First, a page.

Concept: Ureteric stent
Abstract Background: For the narrow ureter that will not accommodate a ureteroscope, it is common practice to place a ureteral stent, to allow subsequent ureteroscopy in the passively dilated ureter. Surprisingly, there are limited data on the effectiveness or safety of these maneuvers. Methods: We retrospectively analyzed patients managed with ureteral stent placement followed by another attempt at ureteroscopy after an initial attempt of flexible ureteroscopy failed because the ureteroscope would not pass up an otherwise normal ureter. Results: Of 41 patients with follow-up who underwent ureteral stenting for this reason, the ureteroscope passed with ease poststenting in 29 (71%) and there was continued resistance in 12. Of these 12 patients, the ureteroscopy was continued despite resistance in 9, while another stent was placed in the remaining 3. Of these three patients, the third attempt at ureteroscopy was successful in two, and further attempts at ureteroscopy were not made after the third attempt failed in one. With a mean overall follow-up of 32 months, two patients (5%) developed ureteral strictures. Both were among nine patients in whom repeat ureteroscopy was performed despite resistance, with a rate of obstruction of 22% in this subgroup. Overall, ureteral stenting allowed successful ureteroscopy in 98% of patients. Conclusions: Ureteral stenting with subsequent ureteroscopy is a successful and safe method of addressing a narrow ureter that initially does not allow passage of a flexible ureteroscope, as long as persistent subsequent attempts to insert the ureteroscope are made only if it passes easily.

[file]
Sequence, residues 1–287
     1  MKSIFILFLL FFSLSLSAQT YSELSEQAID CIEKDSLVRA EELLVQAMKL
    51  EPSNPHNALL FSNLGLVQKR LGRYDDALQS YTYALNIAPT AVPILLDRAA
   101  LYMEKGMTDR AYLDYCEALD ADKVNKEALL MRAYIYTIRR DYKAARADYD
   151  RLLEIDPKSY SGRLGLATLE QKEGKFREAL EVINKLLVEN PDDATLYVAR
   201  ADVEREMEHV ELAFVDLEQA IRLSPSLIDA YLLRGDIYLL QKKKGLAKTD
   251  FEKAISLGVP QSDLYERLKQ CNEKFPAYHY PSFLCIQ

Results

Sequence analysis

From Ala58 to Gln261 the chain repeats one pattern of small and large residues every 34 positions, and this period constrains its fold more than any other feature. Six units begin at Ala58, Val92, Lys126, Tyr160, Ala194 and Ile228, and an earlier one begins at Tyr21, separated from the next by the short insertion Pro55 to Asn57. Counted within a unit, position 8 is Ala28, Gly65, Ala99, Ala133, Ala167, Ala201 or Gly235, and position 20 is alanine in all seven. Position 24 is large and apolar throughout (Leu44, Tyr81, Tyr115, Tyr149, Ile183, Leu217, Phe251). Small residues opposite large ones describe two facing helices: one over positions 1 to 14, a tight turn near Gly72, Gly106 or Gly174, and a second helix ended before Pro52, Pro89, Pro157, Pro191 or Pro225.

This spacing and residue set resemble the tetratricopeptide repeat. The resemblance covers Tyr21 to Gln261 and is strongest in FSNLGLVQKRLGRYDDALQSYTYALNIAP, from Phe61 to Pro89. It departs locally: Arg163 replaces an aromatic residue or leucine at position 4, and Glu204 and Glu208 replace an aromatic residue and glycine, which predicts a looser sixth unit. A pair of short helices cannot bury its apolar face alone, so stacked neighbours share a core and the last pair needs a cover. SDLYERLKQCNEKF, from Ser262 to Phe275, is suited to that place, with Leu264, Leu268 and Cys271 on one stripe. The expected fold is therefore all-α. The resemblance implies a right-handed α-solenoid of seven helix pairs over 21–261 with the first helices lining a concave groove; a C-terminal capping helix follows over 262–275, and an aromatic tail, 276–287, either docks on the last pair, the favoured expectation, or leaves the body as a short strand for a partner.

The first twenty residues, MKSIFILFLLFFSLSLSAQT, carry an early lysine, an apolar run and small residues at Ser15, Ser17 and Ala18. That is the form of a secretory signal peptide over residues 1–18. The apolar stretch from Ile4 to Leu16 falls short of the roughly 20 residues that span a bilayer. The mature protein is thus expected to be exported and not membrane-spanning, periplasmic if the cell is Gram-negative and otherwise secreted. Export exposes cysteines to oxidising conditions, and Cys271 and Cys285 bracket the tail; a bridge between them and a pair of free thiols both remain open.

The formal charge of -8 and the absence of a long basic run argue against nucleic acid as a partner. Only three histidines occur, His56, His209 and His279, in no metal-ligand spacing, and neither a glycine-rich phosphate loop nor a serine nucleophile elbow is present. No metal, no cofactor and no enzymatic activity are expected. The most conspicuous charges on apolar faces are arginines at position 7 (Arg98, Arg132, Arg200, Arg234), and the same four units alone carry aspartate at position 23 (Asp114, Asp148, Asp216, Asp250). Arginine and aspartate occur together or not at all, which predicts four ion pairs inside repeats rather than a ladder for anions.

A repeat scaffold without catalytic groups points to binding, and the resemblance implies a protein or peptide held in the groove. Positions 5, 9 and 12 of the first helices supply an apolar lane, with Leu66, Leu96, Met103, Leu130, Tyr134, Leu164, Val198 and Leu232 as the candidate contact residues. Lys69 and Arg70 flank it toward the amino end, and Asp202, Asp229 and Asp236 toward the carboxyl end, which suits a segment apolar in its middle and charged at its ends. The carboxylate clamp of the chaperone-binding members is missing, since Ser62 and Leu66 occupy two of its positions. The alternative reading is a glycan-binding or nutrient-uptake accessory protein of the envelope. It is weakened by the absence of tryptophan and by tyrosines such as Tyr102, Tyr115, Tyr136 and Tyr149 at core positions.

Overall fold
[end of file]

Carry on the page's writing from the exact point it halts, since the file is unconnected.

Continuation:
The use of ureteral stents has become a routine urological practice. There are many different complications with ureteral stent use. One rare complication is knotting, which can be a very difficult condition to treat. We report a case in which a complete knot was found in the proximal part of an indwelling ureteral stent with a proximal ureteral stone.
- Transplant infectious disease : an official journal of the Transplantation Society
- Published over 6 years ago